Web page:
BAPF 35 Week 1 was great, an awesome slew of the best new plays on the underground that will surely impress their way to the mainstream of the new play world. Riding the wave of inspiration form all of the plays that came crashing over us, we had an idea: "What are these playwright geniuses listening to while they write, and will that inspiration help us write? Right?!"
So here goes, our first, of many, Playwrights' Playlists for the blog. Each week we will ask a new playwright: What are you listening to?
Kicking off our new experiment is Christopher Chen, writer of The Hundred Flowers Project, with a few inspiring songs in his music library. A few of the songs are directly related with his most recent work such as From the Air which Chris "appropriated and altered a lyric from for the play."
Did this help you write? Did this inspire you? Did this make you wish Music had never been a thing? Share your thoughts with us!
Excited to meet all the artists, sink into focus, write a lot.
Tomorrow afternoon it’ll be my turn to read my entire play, beginning to end, for the group [at BAPF retreat]. That’ll teach me to write an hour and a half of relentless comedy. My abstract compassion for the actor who has to sustain this role over a performance will no longer be so abstract.
I have been supervising the play selection for BAPF, on and off (under various titles), for the last six years. My favorite moment in the process is invariably the first time each year that I read a play I fall in love with. Usually this moment comes just after reading several plays that I don’t consider strong submissions, for one reason or another, and wondering why this year’s batch don’t seem to be as strong as the previous year. And then I open THE PLAY, and just a couple of pages in, the temperature in the room seems to change. I’m no longer reading dialogue executed with various levels of skill. Instead, I’m in the room in the present moment, living with a playwright’s voice. This First Love moment is significant not just for whatever that play might be, but for the possibility that the same kind of excitement and joy lies in many more of the as-yet-unread plays.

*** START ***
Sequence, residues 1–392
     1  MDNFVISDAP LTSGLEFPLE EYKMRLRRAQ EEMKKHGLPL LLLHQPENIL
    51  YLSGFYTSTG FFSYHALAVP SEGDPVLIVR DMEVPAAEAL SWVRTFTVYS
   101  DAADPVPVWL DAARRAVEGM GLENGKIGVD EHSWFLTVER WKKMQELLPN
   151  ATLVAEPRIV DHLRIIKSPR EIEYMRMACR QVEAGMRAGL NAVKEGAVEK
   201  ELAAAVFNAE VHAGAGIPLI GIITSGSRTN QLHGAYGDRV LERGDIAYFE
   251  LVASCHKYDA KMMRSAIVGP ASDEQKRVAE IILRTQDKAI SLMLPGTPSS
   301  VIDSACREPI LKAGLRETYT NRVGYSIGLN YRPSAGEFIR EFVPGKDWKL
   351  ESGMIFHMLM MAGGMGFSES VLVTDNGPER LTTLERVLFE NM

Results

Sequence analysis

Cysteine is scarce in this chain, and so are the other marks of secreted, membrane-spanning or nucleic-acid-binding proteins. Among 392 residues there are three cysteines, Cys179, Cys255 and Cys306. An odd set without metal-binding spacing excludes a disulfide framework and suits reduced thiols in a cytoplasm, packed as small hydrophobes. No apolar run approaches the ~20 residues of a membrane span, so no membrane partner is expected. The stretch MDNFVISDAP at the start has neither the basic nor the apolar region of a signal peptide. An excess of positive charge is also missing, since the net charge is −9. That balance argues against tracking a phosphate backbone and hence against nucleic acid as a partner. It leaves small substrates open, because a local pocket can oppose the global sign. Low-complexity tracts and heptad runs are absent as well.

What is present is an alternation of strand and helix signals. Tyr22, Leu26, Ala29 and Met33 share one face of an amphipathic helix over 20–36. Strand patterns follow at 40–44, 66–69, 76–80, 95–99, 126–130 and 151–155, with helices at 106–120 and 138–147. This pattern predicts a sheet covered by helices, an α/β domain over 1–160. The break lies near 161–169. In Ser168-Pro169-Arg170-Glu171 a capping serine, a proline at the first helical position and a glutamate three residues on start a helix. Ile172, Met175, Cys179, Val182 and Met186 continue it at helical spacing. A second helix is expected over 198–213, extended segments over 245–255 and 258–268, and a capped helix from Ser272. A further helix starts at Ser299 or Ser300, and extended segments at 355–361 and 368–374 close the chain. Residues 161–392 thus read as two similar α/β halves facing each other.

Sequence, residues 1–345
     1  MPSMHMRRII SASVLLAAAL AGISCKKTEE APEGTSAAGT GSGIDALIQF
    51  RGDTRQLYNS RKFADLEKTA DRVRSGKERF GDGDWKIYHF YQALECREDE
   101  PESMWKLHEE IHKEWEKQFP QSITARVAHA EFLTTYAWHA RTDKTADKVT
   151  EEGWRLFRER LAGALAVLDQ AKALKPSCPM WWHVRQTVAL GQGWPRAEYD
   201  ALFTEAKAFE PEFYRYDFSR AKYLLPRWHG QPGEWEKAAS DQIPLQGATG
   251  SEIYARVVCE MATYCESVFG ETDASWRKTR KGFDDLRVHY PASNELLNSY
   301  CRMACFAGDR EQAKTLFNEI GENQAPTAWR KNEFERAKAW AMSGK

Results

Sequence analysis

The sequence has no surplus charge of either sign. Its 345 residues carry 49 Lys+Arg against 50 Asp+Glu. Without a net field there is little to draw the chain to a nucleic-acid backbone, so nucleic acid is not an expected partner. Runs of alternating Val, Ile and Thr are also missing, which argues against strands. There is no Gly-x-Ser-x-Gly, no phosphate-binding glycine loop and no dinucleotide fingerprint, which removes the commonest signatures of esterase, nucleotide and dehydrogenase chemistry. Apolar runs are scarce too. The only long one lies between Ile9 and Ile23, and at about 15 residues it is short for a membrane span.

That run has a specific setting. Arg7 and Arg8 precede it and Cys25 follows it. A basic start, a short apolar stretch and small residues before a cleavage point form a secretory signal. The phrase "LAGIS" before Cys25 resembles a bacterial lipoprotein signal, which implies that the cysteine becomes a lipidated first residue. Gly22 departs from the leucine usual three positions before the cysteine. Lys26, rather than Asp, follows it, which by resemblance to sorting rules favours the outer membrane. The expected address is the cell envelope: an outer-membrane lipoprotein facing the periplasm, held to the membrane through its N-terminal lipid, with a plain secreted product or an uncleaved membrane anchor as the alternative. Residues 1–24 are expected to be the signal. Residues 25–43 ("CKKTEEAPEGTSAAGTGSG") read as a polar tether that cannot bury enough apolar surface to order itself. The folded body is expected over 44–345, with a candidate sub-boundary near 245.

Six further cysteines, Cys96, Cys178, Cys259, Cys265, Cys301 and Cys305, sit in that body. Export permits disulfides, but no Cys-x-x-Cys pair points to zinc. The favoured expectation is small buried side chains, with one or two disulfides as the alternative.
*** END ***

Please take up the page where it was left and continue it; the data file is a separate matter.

When Marissa Wolf called a month ago to offer me "The Hundred Flowers Project," I
was ecstatic. Chris Chen is a dear friend, and I am very fortunate to have been
around the social fringe of his process and thinking on this script for over a
year. It is a piece that he has written, workshopped, re-written,
re-workshopped, re-re-written, and now (with my involvement), currently being
re-re-re-written. It has been previously led by three other directors in
various incarnations, each contributing a significant imprint to its past prior
to landing in my hands. I knew all this coming into the process, and had no
doubt that the play had an elaborate history of its own. I soon found
myself inheriting a script that I did not help develop, a schedule of design
workshops that were committed to prior to my coming onboard, and a cast of
actors hired by another director.
I understood why Chairman Mao had the desire to eradicate China's political
history when he came into power.
Perhaps it doesn’t come up
the first rehearsal, or even the second.
Perhaps you’ve distracted them with the research images you’ve brought
in, or the joke on page 12, or the debate over the proper pronunciation of a
word you’ve made up. But don’t kid yourself; you’ve written a one-person show,
sooner or later the dreaded question will rear its head. Maybe it’ll be the director who poses
it, maybe the dramaturge, most likely the actor. Yes, let’s say the actor playing The Pilot*. Sooner or later,
she will ask it:
The central story of The Hundred Flowers Project involves a group of Asian actors making a play about Mao Tse-Tung called The Hundred Flowers Project, and, in a surrealistic twist, the play they are working on morphs into a play about the making of the play itself. Because of this play-within-a-play structure, I’m often met- when I describe the premise to people- with responses like: “Ooo, very meta.” It’s a response tinged with benevolent irony, as if the person is saying: “Good for you, trying something out. You must be aware this play-within-a-play thing’s been done ad nauseam, and I already feel above it and won’t think it’s clever... but good for you!”